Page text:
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Real-Time Object Recognition At Low Cost/Power/Latency

Benchmarks for a new neural inferencing architecture.

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Most neural network chips and IP talk about ResNet-50 benchmarks (image classification at 224×224 pixels). But we find that the number one neural network of interest for most customers is real-time object recognition, such as YOLOv3.

It’s not possible to do comparisons here because nobody shows a YOLOv3 benchmark for their inferencing. But it’s very possible to improve on the inferencing performance of other devices.

ResNet-50: NMAX versus Nvidia Tesla T4 and Habana Goya
The table below uses ResNet-50 to compare NMAX (Flex Logix’s neural inferencing architecture), in a few configurations which we’ll explain soon, versus the Nvidia Tesla T4 and Habana Goya. ResNet-50 has >20 million weights and it takes about 7 billion operations (one operation = one multiply or one accumulate) to process just one image.

According to the published results, NMAX outperforms T4 and Goya while using just 1 DRAM to so. NMAX achieves 87% to 90% utilization of the MACs even while operating at batch size = 1. NMAX is 10x lower power and lower cost than T4/Goya because we need less silicon area for MACs and far fewer DRAMs. Customers tell us it is the DRAM cost and power that dominates in existing inferencing solutions.

For data center applications large batch sizes are okay (within latency constraints). But for edge applications (cars, cameras, airplanes, etc), there is often just one sensor or a few, so batch size needs to be 1 (or maybe 2 or 4). So for the edge, the only column in the table above that is relevant is batch = 1 – T4 and Goya suffer significant performance loss at low batch sizes because they cannot load weights as fast as NMAX can.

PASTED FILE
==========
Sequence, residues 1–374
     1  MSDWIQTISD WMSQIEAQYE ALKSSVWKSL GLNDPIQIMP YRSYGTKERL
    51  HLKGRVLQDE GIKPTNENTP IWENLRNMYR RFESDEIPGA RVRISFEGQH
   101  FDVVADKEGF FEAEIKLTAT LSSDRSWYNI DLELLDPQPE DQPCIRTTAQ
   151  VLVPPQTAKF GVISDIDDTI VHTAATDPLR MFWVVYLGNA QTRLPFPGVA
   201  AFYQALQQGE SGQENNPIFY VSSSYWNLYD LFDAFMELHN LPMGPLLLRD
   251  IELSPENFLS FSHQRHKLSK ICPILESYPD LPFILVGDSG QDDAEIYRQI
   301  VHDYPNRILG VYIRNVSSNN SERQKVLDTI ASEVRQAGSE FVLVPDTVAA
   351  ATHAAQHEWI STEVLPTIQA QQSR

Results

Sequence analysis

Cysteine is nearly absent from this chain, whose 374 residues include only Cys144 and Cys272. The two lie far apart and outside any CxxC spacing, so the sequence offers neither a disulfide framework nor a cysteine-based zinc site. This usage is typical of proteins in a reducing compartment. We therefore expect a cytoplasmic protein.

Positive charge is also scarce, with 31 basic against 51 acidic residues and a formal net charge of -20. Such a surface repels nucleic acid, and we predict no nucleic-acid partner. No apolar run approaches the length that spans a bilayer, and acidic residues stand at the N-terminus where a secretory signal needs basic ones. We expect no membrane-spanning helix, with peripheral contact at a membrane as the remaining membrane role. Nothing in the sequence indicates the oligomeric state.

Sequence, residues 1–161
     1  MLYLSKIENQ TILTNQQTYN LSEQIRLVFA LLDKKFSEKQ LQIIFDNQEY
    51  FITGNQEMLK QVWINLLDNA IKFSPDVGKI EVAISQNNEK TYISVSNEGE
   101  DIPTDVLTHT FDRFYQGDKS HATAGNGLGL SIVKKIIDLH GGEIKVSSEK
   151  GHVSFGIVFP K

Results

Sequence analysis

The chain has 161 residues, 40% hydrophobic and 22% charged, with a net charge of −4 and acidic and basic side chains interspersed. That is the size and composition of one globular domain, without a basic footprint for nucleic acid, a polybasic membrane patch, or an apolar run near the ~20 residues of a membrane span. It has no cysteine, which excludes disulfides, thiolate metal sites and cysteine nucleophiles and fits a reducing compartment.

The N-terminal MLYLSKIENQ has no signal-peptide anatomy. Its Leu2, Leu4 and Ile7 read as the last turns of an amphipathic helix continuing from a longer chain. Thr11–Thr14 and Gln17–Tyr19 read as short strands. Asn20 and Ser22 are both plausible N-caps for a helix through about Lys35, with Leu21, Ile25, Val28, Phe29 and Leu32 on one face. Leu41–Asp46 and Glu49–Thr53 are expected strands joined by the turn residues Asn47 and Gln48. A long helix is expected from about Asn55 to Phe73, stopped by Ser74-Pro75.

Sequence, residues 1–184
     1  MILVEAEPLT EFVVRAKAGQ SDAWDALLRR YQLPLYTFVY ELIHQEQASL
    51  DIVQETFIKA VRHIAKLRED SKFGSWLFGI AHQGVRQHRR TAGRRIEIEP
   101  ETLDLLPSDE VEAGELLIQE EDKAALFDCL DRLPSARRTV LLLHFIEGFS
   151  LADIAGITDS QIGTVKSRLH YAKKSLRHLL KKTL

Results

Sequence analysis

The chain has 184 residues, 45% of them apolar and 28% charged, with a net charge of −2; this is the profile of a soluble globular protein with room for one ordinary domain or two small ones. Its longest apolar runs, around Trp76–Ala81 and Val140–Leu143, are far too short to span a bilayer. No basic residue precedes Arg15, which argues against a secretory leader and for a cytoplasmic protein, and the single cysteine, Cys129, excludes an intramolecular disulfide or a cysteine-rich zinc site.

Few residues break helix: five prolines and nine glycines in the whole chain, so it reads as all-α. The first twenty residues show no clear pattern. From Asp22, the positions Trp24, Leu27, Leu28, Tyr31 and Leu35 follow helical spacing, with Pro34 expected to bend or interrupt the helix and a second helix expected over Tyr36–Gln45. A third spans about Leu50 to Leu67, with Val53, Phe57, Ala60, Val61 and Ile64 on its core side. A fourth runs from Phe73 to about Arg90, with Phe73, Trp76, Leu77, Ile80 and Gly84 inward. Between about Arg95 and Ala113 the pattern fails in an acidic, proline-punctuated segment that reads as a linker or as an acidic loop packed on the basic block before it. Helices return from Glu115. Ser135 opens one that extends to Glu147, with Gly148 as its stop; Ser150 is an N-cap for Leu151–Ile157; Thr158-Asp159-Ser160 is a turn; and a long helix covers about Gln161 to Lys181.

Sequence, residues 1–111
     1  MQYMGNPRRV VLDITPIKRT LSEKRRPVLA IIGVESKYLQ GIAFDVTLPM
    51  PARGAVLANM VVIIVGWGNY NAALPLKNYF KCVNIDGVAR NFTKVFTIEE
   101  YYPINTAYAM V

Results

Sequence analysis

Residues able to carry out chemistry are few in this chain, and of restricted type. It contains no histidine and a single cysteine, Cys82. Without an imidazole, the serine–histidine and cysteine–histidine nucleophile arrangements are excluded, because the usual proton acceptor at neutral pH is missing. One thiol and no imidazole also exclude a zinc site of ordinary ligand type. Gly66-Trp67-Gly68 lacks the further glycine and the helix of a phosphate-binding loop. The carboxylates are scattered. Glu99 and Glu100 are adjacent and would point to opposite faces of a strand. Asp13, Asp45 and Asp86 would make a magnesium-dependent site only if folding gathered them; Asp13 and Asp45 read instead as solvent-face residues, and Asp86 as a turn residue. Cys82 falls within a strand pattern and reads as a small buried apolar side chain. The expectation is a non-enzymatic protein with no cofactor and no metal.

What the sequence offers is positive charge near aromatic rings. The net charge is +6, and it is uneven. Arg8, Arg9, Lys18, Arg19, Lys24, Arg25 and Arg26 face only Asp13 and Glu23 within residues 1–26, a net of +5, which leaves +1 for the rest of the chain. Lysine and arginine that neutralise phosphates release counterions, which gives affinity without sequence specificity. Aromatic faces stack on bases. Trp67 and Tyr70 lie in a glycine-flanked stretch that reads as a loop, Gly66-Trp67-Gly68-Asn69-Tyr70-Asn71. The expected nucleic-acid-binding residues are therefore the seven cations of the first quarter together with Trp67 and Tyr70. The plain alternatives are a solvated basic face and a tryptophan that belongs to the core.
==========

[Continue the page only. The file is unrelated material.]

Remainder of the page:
Improvements with YOLOv3
Real time object recognition is a much more demanding neural network model: YOLOv3 has 62 million weights, 3x that of ResNet-50, and requires 800 billion operations for one 2 megapixel image, 100x ResNet-50 (which uses 224×224 pixel images).

YOLOv3 can use any image size, but customers want high-resolution images because the accuracy of object recognition increases with higher resolution.

The table above shows NMAX configurations doing autonomous driving. The 6×6 configuration processes HD Video for 1 camera, the 12×6 does 2 and the 12×12 does 4. The DRAM bandwidth is only 10-14 gigabytes/second. This results in about 10x lower cost and lower power for the neural network subsystem (accelerator and DRAMs) than other approaches, using a quarter of the DRAMs and higher MACs utilization, which results in much lower silicon area. 

Architecture matters
The key here is a modular architecture that distributes processing, keeping it close to on-chip SRAM memory so that data movement is minimized. Weights need to be kept close to the MACs, which are also distributed, to speed up loading. And interconnect technologies must allow high-bandwidth, reconfigurable connections between compute and memory blocks stage by stage. In the YOLOv3 table above you see that on-chip SRAM bandwidth is huge: this is why we need little DRAM bandwidth.

NMAX can be “arrayed” from 1×1 to 12×12 or larger to scalably deliver from 1 to >100 TOPS. And throughput is essentially linear: 2x the MACs gives 2x the throughput for a given model. NMAX SRAM on-chip is variable to accommodate different models: ResNet-50 needs half the SRAM that YOLOv3 does, on average. But NMAX is not an eFPGA: there is no Verilog programming for NMAX; the NMAX Compiler takes Tensorflow and Caffe to program the NMAX array directly.

NMAX is now in implementation on TSMC16FFC/12FFC using the building blocks from our silicon proven EFLX eFPGA – this means rapid time to market.